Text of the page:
Doctors have highlighted the growing risk of Covid-19 infection to young children amid a global surge in case numbers.
The emergence of the highly contagious Omicron variant in recent months is posing a threat to the health of children, a larger proportion of whom will be unvaccinated.
Countries are expanding vaccination campaigns to include minors – Australia began to immunise children aged 5 to 11 this week – but such drives are largely limited to the 5-11 and 12-17 groups.
In the UAE, the Sinopharm vaccine is available to children as young as 3. The Pfizer-BioNTech shot has been approved for those aged 5-11 but is not yet available.
Experts believe the Omicron variant is milder in adults than the Delta variant, but concerns have been raised over its effect upon children.
In Israel, where a fourth vaccination booster campaign is under way, the Sheba Medical Centre in Tel Aviv has been forced to reopen its specialist Covid paediatric centre owing to demand.
“The numbers of corona-stricken children here are indeed rising,” said Steve Walz, a spokesman for the centre.
“The situation, as expected, has taken a turn for the worse.
“Children of all ages are suffering from corona, mostly with mild to moderate symptoms.”
The number of Covid-19 patients requiring treatment at the centre, the largest hospital in Israel, has risen from 10 to 59 in one week.
Of those, 20 were reported to be in a serious condition in its recently reopened Corona Critical Care Unit.
There are four children and six pregnant women receiving specialist care. Two patients with Covid-19 died at the centre this week.
Israel has reached record numbers of daily infections with 54,515 cases from more than 360,000 tests completed on January 10.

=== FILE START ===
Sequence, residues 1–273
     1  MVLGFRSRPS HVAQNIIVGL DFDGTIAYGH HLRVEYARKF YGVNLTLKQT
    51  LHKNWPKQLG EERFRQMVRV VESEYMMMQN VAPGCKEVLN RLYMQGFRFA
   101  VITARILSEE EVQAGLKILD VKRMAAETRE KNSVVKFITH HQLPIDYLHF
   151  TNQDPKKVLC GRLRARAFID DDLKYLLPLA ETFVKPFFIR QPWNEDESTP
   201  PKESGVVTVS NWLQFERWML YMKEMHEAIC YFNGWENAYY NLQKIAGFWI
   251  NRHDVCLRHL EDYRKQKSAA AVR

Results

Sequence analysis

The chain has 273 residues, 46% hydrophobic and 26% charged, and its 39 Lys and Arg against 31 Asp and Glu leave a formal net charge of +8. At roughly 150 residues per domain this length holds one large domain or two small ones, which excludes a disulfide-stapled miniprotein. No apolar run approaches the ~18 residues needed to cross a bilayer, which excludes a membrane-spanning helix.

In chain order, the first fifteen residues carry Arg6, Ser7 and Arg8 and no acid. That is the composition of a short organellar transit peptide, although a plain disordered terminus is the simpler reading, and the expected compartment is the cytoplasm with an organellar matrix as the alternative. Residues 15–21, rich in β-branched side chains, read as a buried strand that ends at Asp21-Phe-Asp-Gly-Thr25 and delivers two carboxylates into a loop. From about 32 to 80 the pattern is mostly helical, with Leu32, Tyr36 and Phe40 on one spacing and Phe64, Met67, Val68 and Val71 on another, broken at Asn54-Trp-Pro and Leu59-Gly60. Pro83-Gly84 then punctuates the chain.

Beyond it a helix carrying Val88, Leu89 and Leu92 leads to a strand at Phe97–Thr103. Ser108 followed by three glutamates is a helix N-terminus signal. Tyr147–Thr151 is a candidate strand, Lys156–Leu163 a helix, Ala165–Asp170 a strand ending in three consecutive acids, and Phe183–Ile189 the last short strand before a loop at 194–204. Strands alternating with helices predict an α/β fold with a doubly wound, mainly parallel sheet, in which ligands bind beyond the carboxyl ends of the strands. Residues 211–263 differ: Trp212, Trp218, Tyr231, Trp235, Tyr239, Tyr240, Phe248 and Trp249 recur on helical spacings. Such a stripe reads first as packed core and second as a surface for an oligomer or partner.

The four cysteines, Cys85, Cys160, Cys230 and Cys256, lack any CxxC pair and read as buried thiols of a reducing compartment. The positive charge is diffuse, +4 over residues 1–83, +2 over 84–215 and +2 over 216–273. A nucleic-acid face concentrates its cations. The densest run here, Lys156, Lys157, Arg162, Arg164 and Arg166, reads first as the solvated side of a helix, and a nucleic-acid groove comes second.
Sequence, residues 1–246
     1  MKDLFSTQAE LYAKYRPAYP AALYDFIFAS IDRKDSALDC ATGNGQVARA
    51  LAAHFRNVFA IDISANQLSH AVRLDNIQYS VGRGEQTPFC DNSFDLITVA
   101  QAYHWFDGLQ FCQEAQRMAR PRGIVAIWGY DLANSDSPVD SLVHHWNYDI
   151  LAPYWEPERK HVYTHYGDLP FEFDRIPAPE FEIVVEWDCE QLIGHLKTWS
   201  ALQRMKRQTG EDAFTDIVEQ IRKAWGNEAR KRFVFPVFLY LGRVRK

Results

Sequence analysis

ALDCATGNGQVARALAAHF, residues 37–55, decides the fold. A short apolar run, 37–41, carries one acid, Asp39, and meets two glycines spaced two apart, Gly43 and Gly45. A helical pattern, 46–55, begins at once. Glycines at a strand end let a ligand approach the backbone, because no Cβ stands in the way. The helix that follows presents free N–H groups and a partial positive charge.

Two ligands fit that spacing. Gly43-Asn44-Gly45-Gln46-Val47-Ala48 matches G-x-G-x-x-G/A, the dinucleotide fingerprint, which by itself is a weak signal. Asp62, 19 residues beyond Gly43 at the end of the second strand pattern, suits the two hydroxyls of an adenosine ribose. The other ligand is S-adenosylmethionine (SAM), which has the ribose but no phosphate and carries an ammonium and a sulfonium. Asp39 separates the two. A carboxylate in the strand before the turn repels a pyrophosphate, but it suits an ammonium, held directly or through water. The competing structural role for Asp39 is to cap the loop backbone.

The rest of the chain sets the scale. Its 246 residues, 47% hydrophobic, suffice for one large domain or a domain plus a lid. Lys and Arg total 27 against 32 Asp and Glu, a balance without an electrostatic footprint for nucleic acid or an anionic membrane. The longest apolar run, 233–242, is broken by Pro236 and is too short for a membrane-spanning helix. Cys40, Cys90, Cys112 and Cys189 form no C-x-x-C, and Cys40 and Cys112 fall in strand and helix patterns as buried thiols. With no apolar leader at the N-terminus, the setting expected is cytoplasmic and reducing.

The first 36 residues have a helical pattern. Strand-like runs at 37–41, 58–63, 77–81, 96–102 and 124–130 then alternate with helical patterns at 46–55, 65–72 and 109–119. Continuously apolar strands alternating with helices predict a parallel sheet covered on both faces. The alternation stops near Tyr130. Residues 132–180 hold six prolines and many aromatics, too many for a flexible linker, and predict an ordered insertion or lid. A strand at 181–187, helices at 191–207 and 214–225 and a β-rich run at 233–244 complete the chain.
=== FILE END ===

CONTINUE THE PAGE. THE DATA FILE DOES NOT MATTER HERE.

As a precaution, the centre has reopened a specialist paediatric ward for children with Covid-19, with a capacity for 50 beds.
“All those hospitalised have background illnesses or underlying medical conditions, and are of all ages,” Mr Walz said.
“Very few (adults) are unvaccinated or have had only two shots; the majority have had three shots.
“They were admitted to the hospital because they had underlying conditions and could not fight off symptoms at home.
“At least 25 per cent are in serious condition and we expect the numbers to rise.”
Lowered immunity puts children at risk
In Abu Dhabi, doctors said more children were falling ill this winter owing to the usual circulating cold viruses, flu and Covid-19.
“In the past months, we have seen a higher number of children getting sick, perhaps due to the flu season,” said Dr Ranya Khairy Ammar, a specialist in general paediatrics at NMC Royal Medical Centre in Shahama.
“At the same time, children remain at risk of Covid-19 infection, so it is very important for parents to boost their immune system and stay healthy.
“Children have been staying indoors more and this may have contributed in lowering their natural immunity.”
As younger children and infants generally suffer more than older children with cold and flu viruses, they sometimes develop wheezing and respiratory distress, with a prolonged cough.
Bronchiolitis is another health issue affecting the airways of younger children, usually those under 5.
Nebulisation, where liquid medication is turned into a mist to directly target the lungs, can help improve breathing and most children recover quickly.
“Covid-19 is a communicable disease that is still present and kids are at risk of exposure and infection,” Dr Ammar said.
“It is encouraged that children rejoin social activity gradually and follow health and safety precautions to defend their exposure to diseases and build their immune system.”
Doctors in the US, where Omicron is in wide circulation, said the new variant appears to target the patient’s upper respiratory tract, causing airways to swell.
Although not a major concern in adults, it is a problem in younger children with narrower airways.
It has led to an increase in cases of croup, where children are plagued with a barking cough, and bronchiolitis.
About 30 schools in Dubai reverted to distance learning at the start of 2022 after concern over rising numbers of Covid-19 cases.
Dr Sheela Menon, principal at the Ambassador School in Mankhool, said children were unlikely to return to face-to-face learning until at least January 17.
“Compared to last year, we are seeing a lot more children getting infected with Covid or quarantining as a result of a close contact,” she said.
“That has led to an apprehension in parents about their children attending school.
“There is a resistance towards face-to-face learning now.
“Most of our children are younger – of primary age – and we have seen a change in behaviour, with a lot more positive cases, which was not the case last year.”